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What Is Marketing ROI and How Does it Differ From Marketing Deliverables?

When it comes to measuring the value of business marketing campaigns, businesses are right to focus on the quality and timeliness of their marketing deliverables (website, printed materials, SEO campaign, TV commercial, etc). Additionally, these businesses should calculate their marketing ROI (MROI) for each and every business marketing campaign before reaching a conclusion on the success of their marketing efforts. We will explore “what is MROI” and other essential questions that will help your business focus attention on maximizing your return on every marketing investment.

What Are Deliverables in Marketing?

Deliverables are products needed for marketing, such as the tv ad that you want aired for the next few months or the seven new pages your business is adding to the website. They are often what both marketing agencies and businesses tend to focus their energy and attention on. This is because deliverables are easy to measure tangibly: Did our agency finish and activate a beautiful and well functioning website? Were our new signs and the booth delivered to the convention on time and within budget? 

Deliverables fall under the category of second-order ROI. They focus on the completion of projects rather than on their marketing outcomes. They get measured tangibly and visually because they are easy to measure that way, they are important and they are exciting and attractive. The only problem is that deliverables don’t tell your business anything about the financial outcome of a campaign.   Because deliverables (like your new website pages) are not part of a measurable campaign KPI in most cases.

A deliverable-based response to a friend who asks how your business marketing campaign turned out would sound like this, “The Convention booth was a great success, it arrived with all of our signs, printed materials and swag in plenty of time for our team to set up. Everything, the colors, logo and materials looked fantastic and were just what we wanted!” This response reveals that the marketing agency did a great job delivering the agreed upon goods and services. You have shown that you can answer the question, “what are deliverables in marketing?”

But the question still remains, how did the campaign work? How many potential customers did the booth attract, how many email addresses did you get, how many people have used the QR code provided in their brochures to go to the tracked website page? Even more importantly, what Sales-Qualified Leads (SQL) did you achieve and did they meet your projections? What kind of bump did you see in website traffic, inquiries and/or overall sales? These questions get to the heart of what really needs to be measured in order to determine marketing return on investment (MROI).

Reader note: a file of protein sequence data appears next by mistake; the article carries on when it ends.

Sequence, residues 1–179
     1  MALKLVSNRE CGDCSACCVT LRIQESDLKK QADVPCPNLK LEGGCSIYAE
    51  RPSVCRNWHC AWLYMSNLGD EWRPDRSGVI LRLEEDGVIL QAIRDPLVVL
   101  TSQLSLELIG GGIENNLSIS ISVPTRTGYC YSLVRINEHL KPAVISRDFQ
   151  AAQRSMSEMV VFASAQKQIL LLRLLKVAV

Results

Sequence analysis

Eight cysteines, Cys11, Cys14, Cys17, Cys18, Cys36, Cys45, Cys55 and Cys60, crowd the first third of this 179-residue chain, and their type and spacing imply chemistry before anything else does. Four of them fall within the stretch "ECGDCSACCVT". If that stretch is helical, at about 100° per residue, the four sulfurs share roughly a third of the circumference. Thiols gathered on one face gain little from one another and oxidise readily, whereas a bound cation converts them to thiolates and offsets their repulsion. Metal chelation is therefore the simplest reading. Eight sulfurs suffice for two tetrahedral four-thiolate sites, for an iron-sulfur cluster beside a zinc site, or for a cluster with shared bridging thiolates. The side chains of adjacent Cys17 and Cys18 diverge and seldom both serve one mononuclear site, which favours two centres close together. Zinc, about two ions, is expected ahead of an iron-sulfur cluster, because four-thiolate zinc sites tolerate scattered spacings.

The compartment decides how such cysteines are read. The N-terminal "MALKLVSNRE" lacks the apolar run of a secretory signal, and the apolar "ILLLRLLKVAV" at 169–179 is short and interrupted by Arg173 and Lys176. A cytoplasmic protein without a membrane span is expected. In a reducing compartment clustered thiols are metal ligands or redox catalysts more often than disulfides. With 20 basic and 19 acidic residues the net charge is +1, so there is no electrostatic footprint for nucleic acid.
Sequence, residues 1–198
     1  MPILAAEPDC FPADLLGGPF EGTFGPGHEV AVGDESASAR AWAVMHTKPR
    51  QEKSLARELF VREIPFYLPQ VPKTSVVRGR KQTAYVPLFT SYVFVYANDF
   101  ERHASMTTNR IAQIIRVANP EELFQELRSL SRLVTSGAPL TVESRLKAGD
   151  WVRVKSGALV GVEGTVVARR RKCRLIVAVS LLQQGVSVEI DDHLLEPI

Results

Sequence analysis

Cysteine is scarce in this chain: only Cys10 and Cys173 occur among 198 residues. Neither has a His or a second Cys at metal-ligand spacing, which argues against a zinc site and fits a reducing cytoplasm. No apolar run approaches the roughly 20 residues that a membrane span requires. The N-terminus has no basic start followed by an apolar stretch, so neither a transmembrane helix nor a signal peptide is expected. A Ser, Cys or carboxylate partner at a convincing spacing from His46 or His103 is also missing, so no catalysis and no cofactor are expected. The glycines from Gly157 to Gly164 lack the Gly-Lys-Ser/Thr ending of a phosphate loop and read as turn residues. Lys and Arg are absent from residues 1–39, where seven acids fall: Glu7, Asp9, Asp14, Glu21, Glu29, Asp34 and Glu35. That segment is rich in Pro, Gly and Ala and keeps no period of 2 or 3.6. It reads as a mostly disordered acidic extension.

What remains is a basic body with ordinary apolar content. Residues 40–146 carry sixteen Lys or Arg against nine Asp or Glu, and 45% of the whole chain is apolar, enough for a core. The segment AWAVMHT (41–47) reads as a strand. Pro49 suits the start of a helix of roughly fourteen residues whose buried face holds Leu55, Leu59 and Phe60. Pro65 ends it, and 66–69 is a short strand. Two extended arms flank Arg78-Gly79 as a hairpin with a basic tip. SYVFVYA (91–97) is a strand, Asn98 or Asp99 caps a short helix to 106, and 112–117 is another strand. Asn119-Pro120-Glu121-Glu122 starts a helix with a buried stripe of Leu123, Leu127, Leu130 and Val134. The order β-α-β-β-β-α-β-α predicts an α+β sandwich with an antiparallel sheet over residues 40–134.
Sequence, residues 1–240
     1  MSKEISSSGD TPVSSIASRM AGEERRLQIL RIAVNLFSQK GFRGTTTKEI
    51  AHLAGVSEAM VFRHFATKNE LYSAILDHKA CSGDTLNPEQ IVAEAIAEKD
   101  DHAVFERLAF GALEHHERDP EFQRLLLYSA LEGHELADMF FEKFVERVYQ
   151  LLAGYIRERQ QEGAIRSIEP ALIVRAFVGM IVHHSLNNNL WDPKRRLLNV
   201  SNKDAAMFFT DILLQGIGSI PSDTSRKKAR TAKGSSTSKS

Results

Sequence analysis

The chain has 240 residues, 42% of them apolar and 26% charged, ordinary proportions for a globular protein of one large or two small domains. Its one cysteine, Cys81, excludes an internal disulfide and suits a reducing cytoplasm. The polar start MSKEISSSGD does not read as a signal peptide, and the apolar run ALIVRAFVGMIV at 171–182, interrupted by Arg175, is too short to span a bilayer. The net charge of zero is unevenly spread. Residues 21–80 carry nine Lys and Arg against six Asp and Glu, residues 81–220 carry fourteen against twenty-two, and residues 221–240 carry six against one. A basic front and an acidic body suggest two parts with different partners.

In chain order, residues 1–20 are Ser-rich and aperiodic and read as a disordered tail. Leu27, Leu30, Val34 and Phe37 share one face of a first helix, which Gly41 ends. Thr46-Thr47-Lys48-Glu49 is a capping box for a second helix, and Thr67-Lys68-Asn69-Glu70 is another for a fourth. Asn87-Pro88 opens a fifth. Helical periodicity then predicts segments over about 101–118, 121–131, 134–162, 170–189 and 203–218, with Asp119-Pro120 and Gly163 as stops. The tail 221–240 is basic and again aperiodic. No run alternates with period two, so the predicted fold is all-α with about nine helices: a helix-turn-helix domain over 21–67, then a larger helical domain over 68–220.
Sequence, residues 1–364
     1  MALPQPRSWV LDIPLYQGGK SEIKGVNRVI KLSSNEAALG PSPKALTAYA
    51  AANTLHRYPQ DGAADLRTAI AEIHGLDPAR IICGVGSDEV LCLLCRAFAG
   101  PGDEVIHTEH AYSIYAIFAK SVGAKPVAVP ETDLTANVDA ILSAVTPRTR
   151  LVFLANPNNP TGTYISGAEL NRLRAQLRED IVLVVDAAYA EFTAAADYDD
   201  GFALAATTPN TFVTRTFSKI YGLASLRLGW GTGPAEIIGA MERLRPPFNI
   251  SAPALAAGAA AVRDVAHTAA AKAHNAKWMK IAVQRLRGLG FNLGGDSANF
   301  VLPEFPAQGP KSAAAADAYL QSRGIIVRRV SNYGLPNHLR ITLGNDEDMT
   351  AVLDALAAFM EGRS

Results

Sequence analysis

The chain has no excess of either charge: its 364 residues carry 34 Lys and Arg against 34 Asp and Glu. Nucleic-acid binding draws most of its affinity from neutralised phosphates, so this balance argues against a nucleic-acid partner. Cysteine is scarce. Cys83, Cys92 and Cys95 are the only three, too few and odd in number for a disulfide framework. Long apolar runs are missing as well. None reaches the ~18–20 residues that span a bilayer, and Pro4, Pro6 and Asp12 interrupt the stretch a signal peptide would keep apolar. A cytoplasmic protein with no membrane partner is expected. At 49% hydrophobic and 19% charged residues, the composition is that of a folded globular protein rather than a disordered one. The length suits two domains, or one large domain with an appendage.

What is Marketing ROI?

MROI = (Business sales from Marketing – Marketing Investment) / Marketing Investment)  

This equation will be further broken down in the second part of this publication. For marketers, the challenge they frequently encounter is how to consistently define and put numbers to the variables within the equation. They need to know how much they spent on marketing and how much money they made in the sales of their products or services.

Beginning with marketing investment, we need to decide what must be included. If we continue with the convention campaign, what needs to be included? Certainly, the complete cost of the marketing agency’s work for the event. Creative work, printing costs, delivery, whatever went into producing the necessary materials. Also, a prorated share of the company’s FTEs for the hours they took to set up, take down and staff the company booth, pass out brochures, collect email addresses, answer questions, etc. What about meals for the meetings you had with the agency? What about per diems for your staff? It can be difficult to know what should count and what shouldn’t. But it is not hard to understand how each additional cost will raise the denominator and therefore lower the ROI.

The more difficult variable to determine can be the numerator or the business sales from marketing. Tracking revenue seems like an easy way to determine business sales. But do you measure as one-time revenue or as lifetime value (LTV) of a new customer? If you are measuring services, then bookings value is a good measure, but tracking actual revenue from those bookings – whether using a formula based on previous data, following up on true sales or a combination – is necessary. 

How do you measure further up the pipeline? What about opportunities? Positive impressions? Brand awareness? For every step you go further up the marketing funnel, your numbers are less tangible. Even though these marketing activities are vital influencers of future revenue, they do not provide quantifiable data and should not be included without thought when you calculate marketing ROI.

Formula to Calculate Marketing ROI

[(Value of business sales – Cost of marketing spend) ÷ Cost of marketing spend] x 100.

What most businesses and marketers struggle to do consistently is to define and capture the data they need to complete all of the variables in the equation. We can parse the formula a bit by breaking the equation down into its parts. Let’s start with the easier of the two variables: 

Cost of Marketing Spend